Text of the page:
Anyway, we were about five miles from the car when I heard the usually taciturn Larry say, "Damn!" which from him was a veritable torrent of verbiage. Turning around, I found him staring at one of his boots. The sole had delaminated, leaving him with a gape-mouth boot. Some adhesive tape sort of fixed the problem until we could reach the car.
That's one potential clue that it's time for new boots - the sole delaminates. Sometimes repairable, but often a sure sign you need a new pair of boots. Other indicators: The leather is so soft that they no longer offer good support, the stitching has completely blown (although that can be repaired), and the boots have shrunk a half-size, which can indeed happen with really old boots. If you pronate, as I do, you might find the boot has canted 15 degrees to one side - another sure sign to move on. Finally, I had some old Galibier mountaineering boots with a steel shank that rusted right out of the boot! That was repairable too, though.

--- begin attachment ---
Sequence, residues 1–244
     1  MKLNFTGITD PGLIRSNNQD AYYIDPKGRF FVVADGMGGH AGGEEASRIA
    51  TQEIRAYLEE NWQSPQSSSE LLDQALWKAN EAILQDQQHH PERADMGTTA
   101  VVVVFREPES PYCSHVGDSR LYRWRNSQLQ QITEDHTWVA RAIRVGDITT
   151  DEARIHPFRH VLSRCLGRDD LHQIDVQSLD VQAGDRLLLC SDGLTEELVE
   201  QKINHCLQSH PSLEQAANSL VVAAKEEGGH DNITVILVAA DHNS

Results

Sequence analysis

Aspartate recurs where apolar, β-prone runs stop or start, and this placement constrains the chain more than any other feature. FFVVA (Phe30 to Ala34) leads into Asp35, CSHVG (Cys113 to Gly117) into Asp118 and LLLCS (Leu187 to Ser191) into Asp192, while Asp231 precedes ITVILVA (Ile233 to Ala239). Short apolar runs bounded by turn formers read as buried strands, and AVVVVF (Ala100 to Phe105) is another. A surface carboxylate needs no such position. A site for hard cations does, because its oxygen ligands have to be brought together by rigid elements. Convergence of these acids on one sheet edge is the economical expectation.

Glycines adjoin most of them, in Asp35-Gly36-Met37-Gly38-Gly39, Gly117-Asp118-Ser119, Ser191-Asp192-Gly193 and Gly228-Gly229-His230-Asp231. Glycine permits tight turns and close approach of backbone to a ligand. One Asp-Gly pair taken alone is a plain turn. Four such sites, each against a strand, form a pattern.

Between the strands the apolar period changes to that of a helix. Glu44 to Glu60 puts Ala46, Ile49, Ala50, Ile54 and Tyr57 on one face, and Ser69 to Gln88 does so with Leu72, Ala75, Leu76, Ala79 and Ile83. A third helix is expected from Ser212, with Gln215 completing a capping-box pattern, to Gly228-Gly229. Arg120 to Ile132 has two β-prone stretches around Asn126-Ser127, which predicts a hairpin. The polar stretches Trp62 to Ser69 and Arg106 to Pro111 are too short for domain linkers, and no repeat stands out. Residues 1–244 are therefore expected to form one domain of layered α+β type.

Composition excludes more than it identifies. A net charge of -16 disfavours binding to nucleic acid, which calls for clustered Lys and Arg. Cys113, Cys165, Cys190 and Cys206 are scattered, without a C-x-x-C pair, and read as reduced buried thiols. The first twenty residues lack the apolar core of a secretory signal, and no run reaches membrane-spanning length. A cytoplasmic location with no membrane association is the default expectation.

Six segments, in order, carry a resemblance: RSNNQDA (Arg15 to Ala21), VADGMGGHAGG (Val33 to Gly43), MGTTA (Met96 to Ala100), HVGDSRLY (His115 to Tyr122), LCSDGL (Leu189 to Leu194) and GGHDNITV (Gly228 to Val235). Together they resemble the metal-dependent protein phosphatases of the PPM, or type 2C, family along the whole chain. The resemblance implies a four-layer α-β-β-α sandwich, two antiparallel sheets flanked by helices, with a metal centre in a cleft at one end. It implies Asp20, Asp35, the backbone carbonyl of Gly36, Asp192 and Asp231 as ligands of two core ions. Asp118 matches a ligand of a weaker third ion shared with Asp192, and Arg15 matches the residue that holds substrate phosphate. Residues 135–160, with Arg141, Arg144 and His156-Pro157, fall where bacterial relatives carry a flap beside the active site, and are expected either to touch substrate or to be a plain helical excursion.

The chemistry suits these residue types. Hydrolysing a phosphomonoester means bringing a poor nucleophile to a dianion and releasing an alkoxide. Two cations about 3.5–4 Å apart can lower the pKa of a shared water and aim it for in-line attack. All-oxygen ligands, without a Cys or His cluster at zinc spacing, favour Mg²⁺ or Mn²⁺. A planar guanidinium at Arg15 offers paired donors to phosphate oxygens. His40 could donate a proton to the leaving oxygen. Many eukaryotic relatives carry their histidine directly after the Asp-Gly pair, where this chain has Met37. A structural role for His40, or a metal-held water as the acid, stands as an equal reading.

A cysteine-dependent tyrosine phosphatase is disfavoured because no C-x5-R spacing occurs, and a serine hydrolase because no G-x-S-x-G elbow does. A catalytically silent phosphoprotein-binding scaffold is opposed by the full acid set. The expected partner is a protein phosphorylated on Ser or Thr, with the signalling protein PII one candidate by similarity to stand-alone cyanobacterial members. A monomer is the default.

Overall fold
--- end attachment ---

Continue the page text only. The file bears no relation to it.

So, the answer is: Whenever YOU think it's time for a new pair. I think you'll know it if they get so soft they no longer perform they way you want them too. And really, a good-quality pair of leather boots, properly cared for, is as close to a lifetime investment as you can make these days.
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